Monday, April 4, 2011

Film Review | Win Win


by Thomas Delapa

Even in the best of all possible indie worlds, high-school wrestling, New Jersey and Paul Giamatti probably wouldn’t add up to a box-office sleeper hold.

But give writer/director Tom McCarthy a few points for trying. If you don’t nod off during Win Win, it’s because Giamatti stays on top in one of his trademark middle-class loser roles.

Three states and two centuries away from his Emmy-winning John Adams, Giamatti’s Mike Flaherty is a foundering father and struggling small-town lawyer. His business is nearly broke—as is his office toilet. Even the local wrestling team he coaches regularly throws in the towel.

Were it not for Giamatti, I have a hunch that McCarthy’s sputtering vehicle would have never left the off-Hollywood garage. At the risk of redundancy, Win Win’s small victories are no match for the double troubles in both script and supporting cast.

Grappling with debts and anxiety attacks, Flaherty cooks up a crooked way out. He convinces a judge to grant him legal guardianship of Leo (Burt Young), a doddering client with money to spare. Against Leo’s wishes, Mike unscrupulously moves him from his home to a care facility, pocketing $1500 a month for his troubles.

A serious breach of ethics? You bet. But McCarthy (The Visitor) wiggles his own way out of the drama, gumming up the works with cheap, saccharine laughs that are only a few grades above Jersey Shore. Washing up among the non-supporting roles is the tag team of Terry (Bobby Cannavale), a lowbrow bachelor, and Mike’s law partner (Jeffrey Tambor), who, as Mike’s assistant coaches, belong on the bench. Only Amy Ryan, as Mike’s feisty, Bon Jovi-loving wife, plays with Giamatti on his level.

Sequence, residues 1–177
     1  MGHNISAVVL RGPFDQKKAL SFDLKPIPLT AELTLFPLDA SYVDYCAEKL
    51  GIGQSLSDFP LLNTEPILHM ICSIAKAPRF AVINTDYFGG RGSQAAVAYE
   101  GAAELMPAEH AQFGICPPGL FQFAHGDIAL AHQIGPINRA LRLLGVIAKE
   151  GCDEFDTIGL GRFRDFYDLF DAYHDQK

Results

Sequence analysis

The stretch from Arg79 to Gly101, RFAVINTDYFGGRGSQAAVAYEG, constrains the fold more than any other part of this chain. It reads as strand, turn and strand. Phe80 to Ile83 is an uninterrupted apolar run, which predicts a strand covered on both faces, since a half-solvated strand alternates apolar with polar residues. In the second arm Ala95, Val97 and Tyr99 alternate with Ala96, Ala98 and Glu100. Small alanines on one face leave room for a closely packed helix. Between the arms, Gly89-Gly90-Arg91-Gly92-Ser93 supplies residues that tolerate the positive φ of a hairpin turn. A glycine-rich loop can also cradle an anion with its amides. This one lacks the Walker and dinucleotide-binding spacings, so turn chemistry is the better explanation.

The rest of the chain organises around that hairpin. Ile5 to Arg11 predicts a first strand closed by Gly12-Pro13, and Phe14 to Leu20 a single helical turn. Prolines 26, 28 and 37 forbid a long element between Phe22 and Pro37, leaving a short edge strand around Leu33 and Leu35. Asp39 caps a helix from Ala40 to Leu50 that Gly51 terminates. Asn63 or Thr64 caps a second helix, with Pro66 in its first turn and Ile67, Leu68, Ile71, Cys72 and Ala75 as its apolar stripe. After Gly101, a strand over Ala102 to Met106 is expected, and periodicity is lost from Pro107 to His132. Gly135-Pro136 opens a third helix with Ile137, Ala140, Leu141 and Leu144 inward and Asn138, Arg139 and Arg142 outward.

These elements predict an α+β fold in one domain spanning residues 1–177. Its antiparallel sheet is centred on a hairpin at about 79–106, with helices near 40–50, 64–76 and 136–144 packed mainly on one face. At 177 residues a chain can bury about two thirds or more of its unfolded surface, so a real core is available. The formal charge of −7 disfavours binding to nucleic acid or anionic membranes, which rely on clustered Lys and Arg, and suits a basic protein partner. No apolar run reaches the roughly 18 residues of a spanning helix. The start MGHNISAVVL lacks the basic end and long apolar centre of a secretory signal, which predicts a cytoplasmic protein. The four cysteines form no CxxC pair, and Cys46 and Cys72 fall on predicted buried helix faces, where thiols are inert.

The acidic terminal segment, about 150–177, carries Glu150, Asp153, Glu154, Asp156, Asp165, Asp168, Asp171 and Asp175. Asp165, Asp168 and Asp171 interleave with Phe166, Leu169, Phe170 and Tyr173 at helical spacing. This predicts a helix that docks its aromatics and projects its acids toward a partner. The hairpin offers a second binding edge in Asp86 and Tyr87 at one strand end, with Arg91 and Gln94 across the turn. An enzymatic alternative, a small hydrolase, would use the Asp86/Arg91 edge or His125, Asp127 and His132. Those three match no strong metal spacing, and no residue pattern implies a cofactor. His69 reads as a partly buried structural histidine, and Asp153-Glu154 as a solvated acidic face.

The wild card in the deal is Kyle (Alex Shaffer), a mopey, mop-haired teen runaway who arrives in town to announce that he’s Leo’s grandson. (As Mike is fond of saying, “It’s complicated.”) But this potential disaster for Mike flips right around when he discovers that the kid is some kind of all-star wrestler.

From a drab, offbeat drama about today’s squeezed middle class, Win Win takes a fall when McCarthy drags a Bad New Bears subplot out of hibernation, switching to Kyle’s unspectacular exploits that turn his adopted team into a contender. With few exceptions—1950’s Night and the City the great one—as a dynamic movie subject, wrestling ranks somewhere with synchronized swimming. While Giamatti is constantly throwing him a lifeline, the opaque, poker-faced young Shaffer barely keeps his head above water.

If two wrongs don’t make a right, at best Win Win winds down as a draw.



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